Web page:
Here is a tentative rough outline to begin planning for this important conference –
Thursday March 16, 2023
10 am to 11:30 am Eastern – opening plenary session.
Noon to 5 pm Eastern: 30-minute knowledge sessions (including breaks every 90 minutes).
5 – 6 pm Eastern: Open Daily Discussion
Friday, March 17, 2023
9 am to 4 pm Eastern: 30- minute knowledge sessions (including breaks every 90 minutes, with 30 minutes for lunch)
4-5 pm Eastern: Open Daily Discussion
Saturday, March 18, 2023
9 – 10:30 Eastern: Opening Panel organized by students and early-career nurse scholars, with a focus on the future of nursing knowledge development
10:45 am – 2 pm Eastern: 30- minute knowledge sessions (including breaks every 90 minutes)
The Nursology Theory Week for 2022 is now in the history books! We are still in the process of getting the recordings of the three major panels prepared – the recording of the closing panel: California Nurse Theorists, 1970s to 50 years later – 2023 – is now available! This panel gives an overview of the 2023 focus, which will feature the history of the great theoretic and philosophic ideas that came from the Los Angeles area nursing communities of scholars in the earliest days of theory development. We are making this video available in this post; it will permanently reside in the 2022 archive section of the website!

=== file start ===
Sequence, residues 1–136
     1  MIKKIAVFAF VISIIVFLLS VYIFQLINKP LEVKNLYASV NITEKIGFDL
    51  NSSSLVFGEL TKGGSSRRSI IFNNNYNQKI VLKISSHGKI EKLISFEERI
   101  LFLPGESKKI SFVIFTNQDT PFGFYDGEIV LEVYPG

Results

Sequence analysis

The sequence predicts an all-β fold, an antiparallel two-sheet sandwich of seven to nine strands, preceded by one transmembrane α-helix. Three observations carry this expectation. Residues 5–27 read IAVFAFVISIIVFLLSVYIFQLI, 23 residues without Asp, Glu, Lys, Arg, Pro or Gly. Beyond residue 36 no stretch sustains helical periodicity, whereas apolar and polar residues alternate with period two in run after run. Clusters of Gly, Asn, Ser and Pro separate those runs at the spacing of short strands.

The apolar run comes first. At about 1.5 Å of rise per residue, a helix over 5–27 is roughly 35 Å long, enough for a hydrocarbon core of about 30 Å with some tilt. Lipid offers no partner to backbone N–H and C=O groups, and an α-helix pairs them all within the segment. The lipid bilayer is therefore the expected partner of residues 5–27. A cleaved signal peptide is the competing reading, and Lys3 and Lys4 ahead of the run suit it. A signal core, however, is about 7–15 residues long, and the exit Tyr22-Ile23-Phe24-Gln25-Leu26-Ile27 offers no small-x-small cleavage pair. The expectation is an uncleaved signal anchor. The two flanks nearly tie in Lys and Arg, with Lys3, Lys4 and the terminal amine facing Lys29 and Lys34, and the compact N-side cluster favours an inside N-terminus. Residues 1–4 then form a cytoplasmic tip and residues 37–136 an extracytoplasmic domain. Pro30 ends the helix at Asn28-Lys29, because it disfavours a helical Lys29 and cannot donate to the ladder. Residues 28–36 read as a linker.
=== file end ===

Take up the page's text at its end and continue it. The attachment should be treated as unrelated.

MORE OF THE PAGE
It is with great sadness that we share the untimely death on February 6th of our friend and colleague, Melody Norris Waller, PhD, RN, who was serving on the planning team for the 2022 Virtual Nursing Theory Week that starts on March 17th. Melody was an Assistant Professor and Director of the newly established Dr. Margaret A. Newman Center for Nursing Theory at the University of Tennessee Health Science Center College of Nursing. She brought her vibrant, dedicated spirit and passion to the planning of the conference, and to furthering the vision for nursing that Margaret Newman established as a guiding light for the development of nursing knowledge. I recently asked Melody about how she knew Dr. Newman, and her eyes lit up as she shared her experience of listening to Dr. Newman talk about her ideas, and how much she was inspired by Dr. Newman’s vision. Melody has left this earth far too early; her potential as a nursing leader and scholar was just emerging. But her presence will live on in the hearts and minds of the many lives she touched. There will be an empty seat at the virtual conference table, but her memory, and the inspiration that she conveyed to everyone around her, will remain with us all.